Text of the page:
Statistical Doom Scenarios
Why is it that Friends always chose the absolute worse-case scenarios when arguing probable outcomes? Statistics based on the probability that every possible lot in the county will be built on -guest hose included- are simply not realistic.

Cost of New Construction
Friends argue that new construction does not meet its’ cost in tax revenue. By what methodology? First we need to see if the automatic, annual increases that have occurred to the cost of government each year since the late ‘40’s have been factored in. In other words, you can't blame all rising government costs on new construction.

Second, we should consider if the study was based in an area where the ratio of population to infrastructure was high since this can skew the results. New construction with independent water and sewer represents a minimal load, especially if no new road is needed. If no school age kids are involved, that family will probably contribute quite a bit more in taxes than they will through cost of direct services.


Planners always tell us how bad it would be without them. Does that mean that the Lynnwood mall somehow snuck under the official radar? Or that the trailers lined up in rows two feet apart in Eastsound aren’t allowed by plan?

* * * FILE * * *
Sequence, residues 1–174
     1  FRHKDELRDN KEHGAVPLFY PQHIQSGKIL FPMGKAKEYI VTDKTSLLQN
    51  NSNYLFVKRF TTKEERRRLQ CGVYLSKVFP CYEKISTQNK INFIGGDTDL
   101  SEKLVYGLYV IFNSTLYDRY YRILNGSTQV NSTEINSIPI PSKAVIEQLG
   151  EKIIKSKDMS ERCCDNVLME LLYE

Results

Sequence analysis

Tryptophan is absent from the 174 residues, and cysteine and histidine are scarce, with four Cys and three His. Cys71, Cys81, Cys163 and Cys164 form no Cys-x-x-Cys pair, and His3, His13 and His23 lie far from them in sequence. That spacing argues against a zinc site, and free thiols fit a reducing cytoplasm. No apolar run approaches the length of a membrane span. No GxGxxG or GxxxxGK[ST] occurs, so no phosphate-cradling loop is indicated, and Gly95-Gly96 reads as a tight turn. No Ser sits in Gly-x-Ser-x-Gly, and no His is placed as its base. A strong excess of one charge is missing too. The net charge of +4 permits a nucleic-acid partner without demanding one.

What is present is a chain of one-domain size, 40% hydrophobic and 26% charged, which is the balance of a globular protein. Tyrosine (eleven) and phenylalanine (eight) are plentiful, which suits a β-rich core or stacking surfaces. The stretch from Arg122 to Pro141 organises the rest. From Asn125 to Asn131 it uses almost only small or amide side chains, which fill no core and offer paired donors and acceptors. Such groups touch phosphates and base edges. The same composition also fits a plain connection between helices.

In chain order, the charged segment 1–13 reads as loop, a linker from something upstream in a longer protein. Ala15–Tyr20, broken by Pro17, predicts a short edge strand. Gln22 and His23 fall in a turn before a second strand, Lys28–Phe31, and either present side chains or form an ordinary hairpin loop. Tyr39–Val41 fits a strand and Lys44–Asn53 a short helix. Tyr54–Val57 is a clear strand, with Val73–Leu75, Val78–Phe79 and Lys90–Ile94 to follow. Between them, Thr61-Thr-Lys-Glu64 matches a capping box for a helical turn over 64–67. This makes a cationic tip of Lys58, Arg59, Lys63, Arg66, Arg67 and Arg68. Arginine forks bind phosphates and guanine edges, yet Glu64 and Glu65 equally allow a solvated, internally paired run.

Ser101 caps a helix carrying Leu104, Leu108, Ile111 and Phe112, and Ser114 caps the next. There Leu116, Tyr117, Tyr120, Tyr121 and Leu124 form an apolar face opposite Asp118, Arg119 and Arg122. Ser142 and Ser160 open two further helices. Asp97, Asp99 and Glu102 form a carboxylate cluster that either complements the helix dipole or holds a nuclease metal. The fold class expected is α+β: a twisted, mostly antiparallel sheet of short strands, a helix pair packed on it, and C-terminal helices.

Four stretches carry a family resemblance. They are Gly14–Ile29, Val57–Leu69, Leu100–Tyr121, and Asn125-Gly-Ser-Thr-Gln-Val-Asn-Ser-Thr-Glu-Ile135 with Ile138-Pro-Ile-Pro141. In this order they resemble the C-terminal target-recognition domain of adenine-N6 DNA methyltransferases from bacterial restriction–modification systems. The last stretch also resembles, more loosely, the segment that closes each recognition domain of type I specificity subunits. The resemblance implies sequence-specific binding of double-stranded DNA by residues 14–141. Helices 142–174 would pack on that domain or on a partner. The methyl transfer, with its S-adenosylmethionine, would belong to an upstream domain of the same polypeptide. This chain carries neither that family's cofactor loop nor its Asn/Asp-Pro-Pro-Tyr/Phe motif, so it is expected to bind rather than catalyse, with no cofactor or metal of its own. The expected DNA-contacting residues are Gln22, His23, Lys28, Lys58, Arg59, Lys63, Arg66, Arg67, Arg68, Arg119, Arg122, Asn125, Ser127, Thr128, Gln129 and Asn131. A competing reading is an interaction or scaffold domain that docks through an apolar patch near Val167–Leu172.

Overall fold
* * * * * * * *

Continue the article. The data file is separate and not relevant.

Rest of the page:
When it comes to vision statements, what was done to the former Lavender Hollow Farm speaks louder than any words.

We hate to be the bearer of bad news, but all that ugly, crappy, dysfunctional stuff you see out there, it’s all part of a regional study, area plan or a sub-area zone initative.

Sure, planners love to talk about greenbelts and walking villages, it's sexy. That's the public face we get to see. But wart removal and pest control is where the real heavy lifting is taking place.

Sorry to be so blunt, but that’s what view protection is all about. The idea that planning is a rational and scientific enterprise is only valid up to a point. When you leave the areas of agreement that are more or less universal ("plutonium in landfills is bad") you enter grey areas where decisions are driven as much by differing values and opinions as anything else.

The number one failure of all large-scale economic and social planning is the failure to investigate the possibility of unintended consequences. A healthy community represents so many variables of that no single agency can possibly gather and process the information necessary to act in the best interest of all concerned.